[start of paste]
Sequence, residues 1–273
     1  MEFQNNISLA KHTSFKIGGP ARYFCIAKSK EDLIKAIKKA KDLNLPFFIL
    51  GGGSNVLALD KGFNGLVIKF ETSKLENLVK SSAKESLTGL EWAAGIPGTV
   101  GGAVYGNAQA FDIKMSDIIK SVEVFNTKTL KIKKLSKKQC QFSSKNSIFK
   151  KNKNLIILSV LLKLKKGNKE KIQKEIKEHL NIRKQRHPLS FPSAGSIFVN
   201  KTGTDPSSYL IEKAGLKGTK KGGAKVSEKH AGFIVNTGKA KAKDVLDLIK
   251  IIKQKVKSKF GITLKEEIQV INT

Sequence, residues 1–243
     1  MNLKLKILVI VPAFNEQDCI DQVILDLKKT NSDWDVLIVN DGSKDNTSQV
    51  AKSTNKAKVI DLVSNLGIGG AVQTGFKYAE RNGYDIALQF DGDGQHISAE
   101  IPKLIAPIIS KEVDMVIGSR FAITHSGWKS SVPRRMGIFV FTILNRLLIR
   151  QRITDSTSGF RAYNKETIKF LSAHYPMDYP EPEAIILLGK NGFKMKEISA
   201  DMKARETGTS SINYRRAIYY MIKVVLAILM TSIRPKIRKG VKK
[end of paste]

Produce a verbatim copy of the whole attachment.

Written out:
Sequence, residues 1–273
     1  MEFQNNISLA KHTSFKIGGP ARYFCIAKSK EDLIKAIKKA KDLNLPFFIL
    51  GGGSNVLALD KGFNGLVIKF ETSKLENLVK SSAKESLTGL EWAAGIPGTV
   101  GGAVYGNAQA FDIKMSDIIK SVEVFNTKTL KIKKLSKKQC QFSSKNSIFK
   151  KNKNLIILSV LLKLKKGNKE KIQKEIKEHL NIRKQRHPLS FPSAGSIFVN
   201  KTGTDPSSYL IEKAGLKGTK KGGAKVSEKH AGFIVNTGKA KAKDVLDLIK
   251  IIKQKVKSKF GITLKEEIQV INT

Sequence, residues 1–243
     1  MNLKLKILVI VPAFNEQDCI DQVILDLKKT NSDWDVLIVN DGSKDNTSQV
    51  AKSTNKAKVI DLVSNLGIGG AVQTGFKYAE RNGYDIALQF DGDGQHISAE
   101  IPKLIAPIIS KEVDMVIGSR FAITHSGWKS SVPRRMGIFV FTILNRLLIR
   151  QRITDSTSGF RAYNKETIKF LSAHYPMDYP EPEAIILLGK NGFKMKEISA
   201  DMKARETGTS SINYRRAIYY MIKVVLAILM TSIRPKIRKG VKK